In the referendum questions, students voted to have an online opt-out system created “in consultation with all fee-levy organizations.” Kalafitidis said a survey sent to fee-levy groups was a sufficient consultation process, and said that the document he created with the fee-levy’s answers was adequately discussed with the administration.

Several groups, including CJLO, felt that the consultation process under Kalafiditis was not enough.

But this has changed with the current executive team, who began their mandate in June.

“Now we have a very strong relationship with the CSU,” said Fiallos.“We basically felt that the new administration…seem[s] to have an interest to make sure that fee-levy groups are adequately represented in this online opt-out process.”

“Once they came in, we basically said that the injunction was not going to be a relevant factor anymore.”

Filler said he did not speak to anyone from CJLO or the CSU recently about CJLO’s legal injunction against the student union.

Filler speculated on a legal argument against CJLO’s legal letter, speaking on his interpretation of the limitations of the letter: “It strikes me as grasping for straws and unlikely that a reasonable judge would accept it.”

“But in the event that a judge will accept it, how do I remove that obstacle? And the simple answer to that is remove CJLO’s fee[-levy] entirely,” said Filler.

Should CJLO’s position ever change, he plans on collecting signatures with his currently validated petition question.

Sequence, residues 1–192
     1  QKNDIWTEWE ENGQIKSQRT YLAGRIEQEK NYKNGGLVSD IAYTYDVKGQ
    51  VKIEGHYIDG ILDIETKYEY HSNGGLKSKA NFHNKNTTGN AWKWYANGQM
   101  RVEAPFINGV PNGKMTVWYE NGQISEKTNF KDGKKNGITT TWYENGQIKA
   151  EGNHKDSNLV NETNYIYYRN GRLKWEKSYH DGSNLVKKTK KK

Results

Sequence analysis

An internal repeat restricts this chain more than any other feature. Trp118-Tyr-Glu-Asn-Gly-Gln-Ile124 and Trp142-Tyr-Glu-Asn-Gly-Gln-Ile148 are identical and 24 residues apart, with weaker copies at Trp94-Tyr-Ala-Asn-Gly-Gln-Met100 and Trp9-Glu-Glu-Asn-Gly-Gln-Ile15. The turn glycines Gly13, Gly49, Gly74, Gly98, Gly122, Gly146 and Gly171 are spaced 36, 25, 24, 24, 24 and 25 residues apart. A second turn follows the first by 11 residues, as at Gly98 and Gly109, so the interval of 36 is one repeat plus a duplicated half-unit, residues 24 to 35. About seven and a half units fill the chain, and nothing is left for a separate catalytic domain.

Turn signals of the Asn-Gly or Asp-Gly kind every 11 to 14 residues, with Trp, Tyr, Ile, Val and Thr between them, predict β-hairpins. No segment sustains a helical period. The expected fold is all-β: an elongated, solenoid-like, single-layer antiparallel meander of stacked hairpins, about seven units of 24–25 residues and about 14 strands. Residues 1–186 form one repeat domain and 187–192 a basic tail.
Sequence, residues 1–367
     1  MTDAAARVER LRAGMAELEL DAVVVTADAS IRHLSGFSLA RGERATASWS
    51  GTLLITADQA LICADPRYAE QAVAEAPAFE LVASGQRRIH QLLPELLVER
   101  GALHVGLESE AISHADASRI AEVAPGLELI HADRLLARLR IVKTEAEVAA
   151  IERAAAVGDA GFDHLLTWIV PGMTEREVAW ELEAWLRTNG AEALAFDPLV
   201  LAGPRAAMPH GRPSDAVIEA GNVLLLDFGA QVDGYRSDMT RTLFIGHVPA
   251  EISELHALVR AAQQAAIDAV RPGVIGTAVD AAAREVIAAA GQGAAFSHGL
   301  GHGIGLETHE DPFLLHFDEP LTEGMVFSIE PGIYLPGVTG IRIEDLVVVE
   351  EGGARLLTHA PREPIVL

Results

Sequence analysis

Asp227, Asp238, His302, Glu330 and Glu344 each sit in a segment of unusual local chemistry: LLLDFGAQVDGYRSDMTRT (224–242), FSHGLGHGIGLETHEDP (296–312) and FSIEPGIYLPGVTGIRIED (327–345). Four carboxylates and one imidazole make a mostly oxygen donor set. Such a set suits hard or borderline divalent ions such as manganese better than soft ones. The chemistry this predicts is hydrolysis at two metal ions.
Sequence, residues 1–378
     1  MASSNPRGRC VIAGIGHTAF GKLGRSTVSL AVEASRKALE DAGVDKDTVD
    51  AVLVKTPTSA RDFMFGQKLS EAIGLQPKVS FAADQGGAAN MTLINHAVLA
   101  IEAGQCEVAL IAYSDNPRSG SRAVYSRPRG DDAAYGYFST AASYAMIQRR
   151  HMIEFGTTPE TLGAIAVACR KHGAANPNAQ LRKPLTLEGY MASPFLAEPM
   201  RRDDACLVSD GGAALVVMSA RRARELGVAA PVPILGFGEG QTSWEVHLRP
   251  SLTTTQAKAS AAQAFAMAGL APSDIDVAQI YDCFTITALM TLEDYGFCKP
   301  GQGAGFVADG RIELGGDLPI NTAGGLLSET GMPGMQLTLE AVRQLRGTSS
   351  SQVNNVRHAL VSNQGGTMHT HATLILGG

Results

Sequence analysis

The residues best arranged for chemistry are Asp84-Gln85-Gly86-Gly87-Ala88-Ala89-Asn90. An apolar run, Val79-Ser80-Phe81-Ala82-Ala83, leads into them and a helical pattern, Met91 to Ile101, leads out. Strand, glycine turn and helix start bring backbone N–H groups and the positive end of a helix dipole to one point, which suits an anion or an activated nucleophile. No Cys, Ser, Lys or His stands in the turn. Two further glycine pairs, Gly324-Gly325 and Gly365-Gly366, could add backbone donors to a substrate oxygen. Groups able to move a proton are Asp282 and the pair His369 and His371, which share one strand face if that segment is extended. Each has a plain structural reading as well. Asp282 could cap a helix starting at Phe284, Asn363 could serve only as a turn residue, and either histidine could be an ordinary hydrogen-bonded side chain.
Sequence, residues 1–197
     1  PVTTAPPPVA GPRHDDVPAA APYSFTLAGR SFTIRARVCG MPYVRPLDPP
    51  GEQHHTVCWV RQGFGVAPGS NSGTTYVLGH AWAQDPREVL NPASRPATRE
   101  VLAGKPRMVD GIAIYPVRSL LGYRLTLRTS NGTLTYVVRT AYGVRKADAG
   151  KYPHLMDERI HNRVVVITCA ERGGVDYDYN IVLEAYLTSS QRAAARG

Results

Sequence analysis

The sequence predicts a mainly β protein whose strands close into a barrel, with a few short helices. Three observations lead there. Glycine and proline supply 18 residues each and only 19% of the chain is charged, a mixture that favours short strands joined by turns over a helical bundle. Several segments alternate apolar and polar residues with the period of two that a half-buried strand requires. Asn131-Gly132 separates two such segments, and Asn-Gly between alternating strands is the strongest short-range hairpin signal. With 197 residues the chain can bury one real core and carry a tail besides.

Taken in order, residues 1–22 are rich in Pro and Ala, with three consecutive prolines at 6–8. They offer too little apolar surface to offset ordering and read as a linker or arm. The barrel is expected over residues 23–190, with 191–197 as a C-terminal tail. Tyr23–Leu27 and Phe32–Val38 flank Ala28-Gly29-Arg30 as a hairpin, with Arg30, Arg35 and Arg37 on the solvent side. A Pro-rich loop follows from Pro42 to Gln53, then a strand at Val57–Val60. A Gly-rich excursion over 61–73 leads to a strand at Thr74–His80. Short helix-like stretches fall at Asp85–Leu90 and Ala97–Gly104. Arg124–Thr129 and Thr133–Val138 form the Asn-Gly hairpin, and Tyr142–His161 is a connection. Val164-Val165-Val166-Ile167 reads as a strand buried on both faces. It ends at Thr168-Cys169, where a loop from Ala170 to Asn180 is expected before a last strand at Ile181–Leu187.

“In the event that they do, I want to have the right at that point to collect signatures without having to go to present to council. So I’m trying to remove barriers, so the back up steps are ready to be done, in the events that an actual injunction is filed with the Court of Quebec.”

He believes that “The basis of the potential lawsuit is that online opt out affects the CJLO fee, and if the fee doesn’t exist, then online opt-out can’t affect it.”

Fiallos said, “[Filler’s petition] is not going to impact our judgement.”

“It just felt like he was just trying to intimidate us, but the fact is we’re not going to be intimidated,” said Fiallos.

She said that the decision to back down from the suit was based on how Eduardo Malorni, CSU student life coordinator, is handling the online opt-out process.

“He’s talked directly to us several times about this, he’s advocated for the recommendations that we made to the administration … I genuinely feel like it’s a much better relationship.”

The difference is, Malorni has continually directly consulted with the fee-levy groups since starting his mandate as CSU executive. He has dealt with the online opt-out process by discussing and negotiating the process between the administration, the CSU, and the fee-levy association.

Malorni told The Concordian, “We de-escalated the situation because basically they felt that they weren’t being listened to.”

On the night the petition questions came in, Malorni stayed up late answering questions and speaking with several fee-levy members about their concerns.

Malorni is also in charge of the Fee-Levy Review Committee, which reviews all applications regarding fee-levy groups, and said Filler must “give a clear reasoning as to why he is defunding [fee-levy groups], or he believes that they need defunding.”

Chairperson of the CSU Caitlin Robinson referred to the CSU’s Standing Regulation 259, which explains the manner in which a fee-levy is removed. One must simply provide a reason for the petition: “An explanation of the reasoning underlying the request.”

“That being said, although under the CSU’s regulations a petition can be circulated, the person circulating it needs to be very cautious about what they are writing and disseminating because they could encounter legal issues if they are circulating libellous claims,” said Robinson.